Righting Wrongs

“Wrong Turn”, 43 inches by 24 inches, oils on canvas.

I recently reworked a painting from last year, “Wrong Turn”. Revising old pieces is never as satisfying as starting something new, but I often find that I learn more by the time I’ve finished. This piece was no exception!

Left: The original painting. Right: Original painting with new changes mocked up.

The biggest problem I dealt with in this piece was the two merchant characters who are having a bit of rough day. I showed this piece to some colleagues whose opinions I hold in high regard, and they all said that these characters’ poses were problematic. Too stiff, the proportions are strange and the gestures were not telling a story. I started by completely reworking their poses, and made a quick and dirty mockup in Photoshop of how it would look with those changes.

Maureen O’Hara and James Stewart in “The Rare Breed” (1966)

It can be tough to reimagine a failed painting when it holds a strong precedent in your mind. I needed to brainstorm how I could make those poses stronger, so I turned to some old books on classic Western cinematography. A good Western is all about strong composition and gestures that telegraph emotion. I knew I’d find some gold and pored through the pages looking for a distraught couple and when I came across this image, a light bulb went off in my head!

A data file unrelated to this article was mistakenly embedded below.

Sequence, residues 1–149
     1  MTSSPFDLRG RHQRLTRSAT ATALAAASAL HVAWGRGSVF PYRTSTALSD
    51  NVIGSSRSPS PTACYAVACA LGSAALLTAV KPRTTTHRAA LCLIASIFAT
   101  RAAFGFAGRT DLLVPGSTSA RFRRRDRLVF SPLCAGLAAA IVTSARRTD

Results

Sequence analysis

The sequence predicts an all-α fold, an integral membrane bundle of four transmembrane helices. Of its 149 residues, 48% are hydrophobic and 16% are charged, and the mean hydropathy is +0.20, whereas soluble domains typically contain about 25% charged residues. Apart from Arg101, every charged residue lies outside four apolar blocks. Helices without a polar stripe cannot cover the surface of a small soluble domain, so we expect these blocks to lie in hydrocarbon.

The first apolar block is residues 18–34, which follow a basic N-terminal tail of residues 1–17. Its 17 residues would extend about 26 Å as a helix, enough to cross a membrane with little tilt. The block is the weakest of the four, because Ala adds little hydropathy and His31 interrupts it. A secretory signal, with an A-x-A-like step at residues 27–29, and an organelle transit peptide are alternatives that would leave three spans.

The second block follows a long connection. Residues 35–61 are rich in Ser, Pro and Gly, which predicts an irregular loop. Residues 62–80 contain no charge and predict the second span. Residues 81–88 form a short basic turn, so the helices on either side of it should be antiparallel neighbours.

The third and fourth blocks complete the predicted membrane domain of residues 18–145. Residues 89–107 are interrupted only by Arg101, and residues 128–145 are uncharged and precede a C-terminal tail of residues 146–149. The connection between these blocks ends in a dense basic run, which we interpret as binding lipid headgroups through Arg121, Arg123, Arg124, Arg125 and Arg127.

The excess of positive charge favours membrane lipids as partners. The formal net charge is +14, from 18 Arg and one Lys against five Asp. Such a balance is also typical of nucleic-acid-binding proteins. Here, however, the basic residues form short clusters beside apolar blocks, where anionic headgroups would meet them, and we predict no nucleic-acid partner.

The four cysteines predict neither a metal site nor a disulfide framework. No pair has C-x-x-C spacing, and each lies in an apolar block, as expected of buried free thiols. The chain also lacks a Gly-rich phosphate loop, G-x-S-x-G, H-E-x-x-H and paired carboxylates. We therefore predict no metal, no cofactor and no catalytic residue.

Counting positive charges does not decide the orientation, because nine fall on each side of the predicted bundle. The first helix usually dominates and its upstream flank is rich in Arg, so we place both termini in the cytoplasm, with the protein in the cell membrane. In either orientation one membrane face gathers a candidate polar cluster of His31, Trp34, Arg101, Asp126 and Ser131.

The shot from “Rare Breed” really got me started because I realized that I could channel the distress of the couple completely through the emotions of the female character. Her husband’s been shot, she’s surrounded by danger on all sides but she’s still desperately trying to protect him. The husband is in his own private world of pain, totally unresponsive and deaf to her cries for help. I quickly put a crossbow quarrel through the heart of my husband character and positioned the wife in a protector role. Now it’s got something going on!

Compare it again to my original painting. These characters are lifeless by comparison. Their poses are oddly symmetrical and their physical separation is not adding to the overall story. At the time, I justified it to myself with the concept that they were frozen by the danger in front of them and powerless to take action. Indeed, they look frozen… and totally devoid of emotion or narrative.

Painting out those old characters made for a dark evening. It’s never fun to erase hours and hours of work but it’s the initial band-aid that has to get ripped off before healing can begin. I then printed out my sketch at the same size as my painting, taped it on and used Saral transfer paper to transfer it to my painting.

Another thing that made this painting difficult with my first pass was the ridiculously tiny scale of the figures. Painting an expressive face the size of a quarter is just really hard. Also, the canvas grain begins to work against the brush at this scale, making tiny detailed strokes harder to achieve. It’s actually a large painting, but these two characters are the smallest in the entire composition so they were the hardest to pull off. When I finally felt satisfied with how the faces were coming along, I took the above photo and posted it to social media with a triumphant caption. Nothing like the encouragement of your peers to keep on going!

I am so much happier with this painting now! As I reworked these characters, I noticed other things that needed fixing, such as details on the wagon, parts of the landscape, etc. Those got a redo as well, but the distressed couple was the lion’s share of the work. Ironically, I decided to leave the painting’s title, “Wrong Turn” the same. My own personal misstep is now a part of the piece but I went back and corrected it the best of my ability, and that has made all the difference.

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